RoguePlanet / Flickr democrats...
RoguePlanet / Flickr

I know you’ve been burned before (see: Election, 2016). But hear me out. If we keep fighting and keep working and do everything we are able to, I think we’ve got a shot at the Senate. But who cares what I think, right? Look at the numbers. Yes, I know they are still showing the Republicans as prohibitive favorites. But the trend is in our direction.

The graph above shows the FiveThirtyEight polling averages. This chart is set to the “Lite” model, which relies only on polls and throws out everything else. Team Blue’s chances have improved by about 2.5% in the past four days alone. That’s even more impressive given their model’s structure, which, if I understand it correctly, makes it harder to move the needle the closer it gets to Election Day.

As it stands, Democrats would have to win the two races FiveThirtyEight rates as Lean Democrat (Florida and Indiana), and the three toss-ups (Arizona, Missouri, and Nevada). The trend in Nevada has shifted strongly in recent weeks. Republican incumbent Dean Heller held a lead in most of the late September and early-mid October polls, but Democrat Jacky Rosen led in all four polls conducted in the past ten days. FiveThirtyEight gives Rosen a 50.5% chance of winning, the first time I can remember seeing her with above a 50% chance (and yes, I check obsessively—they don’t show the historical trend in each race, unfortunately).

Nevada Arizona shows the Democrat, Kyrsten Sinema, with a 59% chance of winning, and recent polling doesn’t show a decisive move either way compared to polls from a few weeks ago. The trend in Missouri is, however, in favor of Democrat Claire McCaskill, who is leading in all seven of the most recent polls conducted, with her best results coming in the most recent four (when adjusted for each pollster’s partisan leanings). FiveThirtyEight gives her a 60.1% chance of winning (Missouri is rated as toss-up in one model and Lean Democrat in others, as the dividing line is having a 60% or better chance of winning). The percentages I’ve provided in these three races are all based on the Lite (polling only) model.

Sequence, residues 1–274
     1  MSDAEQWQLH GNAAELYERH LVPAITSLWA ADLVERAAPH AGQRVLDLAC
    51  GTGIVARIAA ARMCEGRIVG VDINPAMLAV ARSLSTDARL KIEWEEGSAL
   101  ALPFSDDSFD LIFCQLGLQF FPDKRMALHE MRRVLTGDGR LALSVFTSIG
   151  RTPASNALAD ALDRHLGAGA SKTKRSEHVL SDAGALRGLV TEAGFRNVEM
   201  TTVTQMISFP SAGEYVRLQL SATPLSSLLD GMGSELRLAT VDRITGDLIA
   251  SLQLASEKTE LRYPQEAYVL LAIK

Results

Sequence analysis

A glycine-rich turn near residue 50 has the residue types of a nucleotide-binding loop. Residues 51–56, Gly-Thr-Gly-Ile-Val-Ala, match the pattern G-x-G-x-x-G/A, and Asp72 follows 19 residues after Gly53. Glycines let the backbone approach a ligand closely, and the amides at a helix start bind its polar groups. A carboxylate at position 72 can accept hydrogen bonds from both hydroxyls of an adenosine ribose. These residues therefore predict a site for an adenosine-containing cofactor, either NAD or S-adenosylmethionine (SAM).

Winning all those states, something that is more than plausible, gets us to 50 Senators. But, thanks to Vice President Mike Pence’s tie-breaking vote, we need one more. Unfortunately, that’s the hard part, as we know. To be fair, there are no states that simply “Lean Republican” according to FiveThirtyEight, so we’d have to win one of the five they rate as “Likely Republican”.

In Tennessee, a very recent local poll from East Tennessee State showed the race dead even, and FiveThirtyEight rates that pollster as having essentially no partisan lean. It’s one poll, but it gives us some hope. In Texas, yes Texas, we are seeing improving numbers that provide even more hope. The last two polls (adjusted for partisan lean) conducted show an average lead for Republican Ted Cruz of only 2 points, a significant improvement over the polls from earlier in October. 2 points! Democrat Beto O’Rourke can absolutely win this.

Plus, polling cannot capture the shifts that take place in the last couple of days before the election, after the last polls have been conducted (again, see: Election, 2016). If the most recent few days have seen shifts toward Team Blue, the next four might also.

What it comes down to is turnout. No one knows exactly what turnout will look like. Pollsters model their raw data based on what they think it will be. If turnout blows past the usual midterm numbers, and it sure as hell looks like it will based on the thirty million early votes already cast, then maybe those polling models, even if they already account for an increase in turnout, will be off by 2, or 3, or even 4 points in our favor. If that happens, Democrats will hold the 50 Senate seats where they are now favored (however slightly), and pick up Texas as well—and maybe more.

Are the odds still long? Yes. But the very recent trends are in our favor, in particular in Nevada, Missouri, and Texas. We can absolutely pull this off.

Please vote, and help get as many other voters as you can to the polls. Your efforts can swing a Senate seat, and maybe even swing the whole Senate. The fate of the country and the people we love depends on it.

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This is a Creative Commons article. The original version of this article appeared here.


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